At one time there were many prevalent different renditions of the serpent cult located in India. In Northern India, a masculine version of the serpent named Nagaraja and known as the “king of the serpents” was worshipped. Instead of the “king of the serpents,” actual live snakes were worshipped in South India (Bhattacharyya 1965, p. 1). The Manasa-cult in Bengal, India, however, was dedicated to the anthropomorphic serpent goddess, Manasa (Bhattacharyya 1965, p. 1).
In Africa the chief centre of serpent worship was Dahomey. but the cult of the python seems to have been of exotic origin, dating back to the first quarter of the 17th century. By the conquest of Whydah the Dahomeyans were brought in contact with a people of serpent worshippers, and ended by adopting from them the beliefs which they at first despised. At Whydah, the chief centre, there is a serpent temple, tenanted by some fifty snakes. Every python of the danh-gbi kind must be treated with respect, and death is the penalty for killing one, even by accident. Danh-gbi has numerous wives, who until 1857 took part in a public procession from which the profane crowd was excluded; a python was carried round the town in a hammock, perhaps as a ceremony for the expulsion of evils. The rainbow-god of the Ashanti was also conceived to have the form of a snake. His messenger was said to be a small variety of boa. but only certain individuals, not the whole species, were sacred. In many parts of Africa the serpent is looked upon as the incarnation of deceased relatives. Among the Amazulu, as among the Betsileo of Madagascar, certain species are assigned as the abode of certain classes. The Maasai, on the other hand, regard each species as the habitat of a particular family of the tribe.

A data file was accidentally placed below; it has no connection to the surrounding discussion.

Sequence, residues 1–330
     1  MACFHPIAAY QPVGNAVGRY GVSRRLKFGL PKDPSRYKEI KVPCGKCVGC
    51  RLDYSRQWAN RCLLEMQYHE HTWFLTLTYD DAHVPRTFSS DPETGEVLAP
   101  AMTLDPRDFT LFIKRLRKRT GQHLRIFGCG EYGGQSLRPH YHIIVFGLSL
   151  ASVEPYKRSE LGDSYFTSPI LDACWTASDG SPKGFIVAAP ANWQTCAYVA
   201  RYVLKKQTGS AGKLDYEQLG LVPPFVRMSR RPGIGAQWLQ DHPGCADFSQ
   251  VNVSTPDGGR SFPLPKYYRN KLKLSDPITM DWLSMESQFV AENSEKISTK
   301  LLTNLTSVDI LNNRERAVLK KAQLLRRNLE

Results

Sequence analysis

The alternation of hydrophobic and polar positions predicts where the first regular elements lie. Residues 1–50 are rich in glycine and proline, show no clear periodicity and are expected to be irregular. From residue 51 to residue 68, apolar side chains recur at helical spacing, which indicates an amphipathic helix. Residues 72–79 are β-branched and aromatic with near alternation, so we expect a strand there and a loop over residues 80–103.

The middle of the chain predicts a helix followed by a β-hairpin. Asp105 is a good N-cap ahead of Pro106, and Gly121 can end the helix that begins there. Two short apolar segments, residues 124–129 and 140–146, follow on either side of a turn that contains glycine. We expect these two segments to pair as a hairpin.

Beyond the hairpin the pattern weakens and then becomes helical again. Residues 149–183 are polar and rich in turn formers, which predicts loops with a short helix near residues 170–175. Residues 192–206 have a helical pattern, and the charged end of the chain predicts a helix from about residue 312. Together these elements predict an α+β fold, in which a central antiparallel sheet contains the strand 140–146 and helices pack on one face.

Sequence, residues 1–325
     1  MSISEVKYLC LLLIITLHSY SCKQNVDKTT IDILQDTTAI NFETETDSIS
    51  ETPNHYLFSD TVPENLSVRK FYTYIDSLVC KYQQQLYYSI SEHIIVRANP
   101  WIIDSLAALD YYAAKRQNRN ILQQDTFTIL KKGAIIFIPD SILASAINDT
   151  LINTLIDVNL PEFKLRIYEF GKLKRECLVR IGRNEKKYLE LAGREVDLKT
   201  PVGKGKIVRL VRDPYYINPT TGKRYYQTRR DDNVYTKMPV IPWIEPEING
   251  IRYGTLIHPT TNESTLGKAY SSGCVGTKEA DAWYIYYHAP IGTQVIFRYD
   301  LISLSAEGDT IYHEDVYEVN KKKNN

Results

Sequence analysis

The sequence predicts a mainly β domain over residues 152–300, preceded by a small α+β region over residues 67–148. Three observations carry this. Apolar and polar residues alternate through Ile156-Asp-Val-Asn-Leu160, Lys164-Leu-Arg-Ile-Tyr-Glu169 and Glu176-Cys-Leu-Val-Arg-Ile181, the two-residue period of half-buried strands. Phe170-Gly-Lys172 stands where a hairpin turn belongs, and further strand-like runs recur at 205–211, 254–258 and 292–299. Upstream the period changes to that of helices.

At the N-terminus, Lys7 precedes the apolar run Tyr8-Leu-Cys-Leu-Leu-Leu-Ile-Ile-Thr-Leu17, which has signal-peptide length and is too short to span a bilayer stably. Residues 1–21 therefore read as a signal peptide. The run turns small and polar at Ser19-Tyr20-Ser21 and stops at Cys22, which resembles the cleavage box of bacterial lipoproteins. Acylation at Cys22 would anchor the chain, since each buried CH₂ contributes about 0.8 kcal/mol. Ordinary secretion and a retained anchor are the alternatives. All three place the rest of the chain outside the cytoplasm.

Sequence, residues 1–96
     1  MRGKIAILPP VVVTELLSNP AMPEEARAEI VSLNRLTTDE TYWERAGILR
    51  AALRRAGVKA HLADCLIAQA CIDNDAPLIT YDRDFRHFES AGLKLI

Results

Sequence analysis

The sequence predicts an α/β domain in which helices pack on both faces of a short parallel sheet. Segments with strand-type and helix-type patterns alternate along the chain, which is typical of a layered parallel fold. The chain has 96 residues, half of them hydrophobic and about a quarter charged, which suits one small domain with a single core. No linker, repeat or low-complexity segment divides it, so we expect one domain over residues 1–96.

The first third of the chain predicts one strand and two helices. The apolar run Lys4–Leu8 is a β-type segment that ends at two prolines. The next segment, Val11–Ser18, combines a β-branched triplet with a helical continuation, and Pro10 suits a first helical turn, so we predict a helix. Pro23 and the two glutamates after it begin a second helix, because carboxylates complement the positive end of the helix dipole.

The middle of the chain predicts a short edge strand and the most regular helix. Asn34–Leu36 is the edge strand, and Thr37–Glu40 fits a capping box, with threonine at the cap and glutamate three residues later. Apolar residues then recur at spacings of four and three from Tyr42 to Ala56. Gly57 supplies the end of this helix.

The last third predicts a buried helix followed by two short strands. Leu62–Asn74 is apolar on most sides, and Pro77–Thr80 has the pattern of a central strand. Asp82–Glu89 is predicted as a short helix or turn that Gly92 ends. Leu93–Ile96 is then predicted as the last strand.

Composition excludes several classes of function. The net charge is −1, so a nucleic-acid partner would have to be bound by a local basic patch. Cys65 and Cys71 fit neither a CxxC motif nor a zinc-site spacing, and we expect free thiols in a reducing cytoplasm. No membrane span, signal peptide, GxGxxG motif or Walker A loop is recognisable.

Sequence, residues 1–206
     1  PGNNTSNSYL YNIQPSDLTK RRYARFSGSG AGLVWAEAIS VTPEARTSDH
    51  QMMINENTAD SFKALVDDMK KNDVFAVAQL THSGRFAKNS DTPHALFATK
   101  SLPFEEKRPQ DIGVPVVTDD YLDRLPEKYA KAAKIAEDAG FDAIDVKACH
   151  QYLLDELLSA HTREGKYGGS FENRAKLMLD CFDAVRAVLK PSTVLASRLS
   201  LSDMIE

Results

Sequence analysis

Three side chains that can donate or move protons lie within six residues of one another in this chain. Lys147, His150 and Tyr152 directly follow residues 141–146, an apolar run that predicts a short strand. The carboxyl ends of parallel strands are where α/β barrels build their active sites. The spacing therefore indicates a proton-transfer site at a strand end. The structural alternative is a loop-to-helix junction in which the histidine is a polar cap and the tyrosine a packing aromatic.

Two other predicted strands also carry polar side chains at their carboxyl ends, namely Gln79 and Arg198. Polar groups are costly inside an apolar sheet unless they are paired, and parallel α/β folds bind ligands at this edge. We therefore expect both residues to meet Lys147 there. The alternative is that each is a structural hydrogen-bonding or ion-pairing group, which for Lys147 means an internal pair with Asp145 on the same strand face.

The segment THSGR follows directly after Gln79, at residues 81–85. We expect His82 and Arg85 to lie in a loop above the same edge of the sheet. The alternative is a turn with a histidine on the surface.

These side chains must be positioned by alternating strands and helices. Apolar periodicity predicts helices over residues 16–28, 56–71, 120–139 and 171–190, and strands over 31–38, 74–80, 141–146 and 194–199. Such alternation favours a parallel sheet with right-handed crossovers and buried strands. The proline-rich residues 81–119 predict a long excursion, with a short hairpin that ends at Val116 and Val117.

According to the Jewish scholar Rashi, the Canaanite god Dagon was a fish god. This tradition may have originated here, with a misinterpretation, but recently uncovered reliefs suggest a fish-god with human head and hands was worshipped by people who wore fish-skins.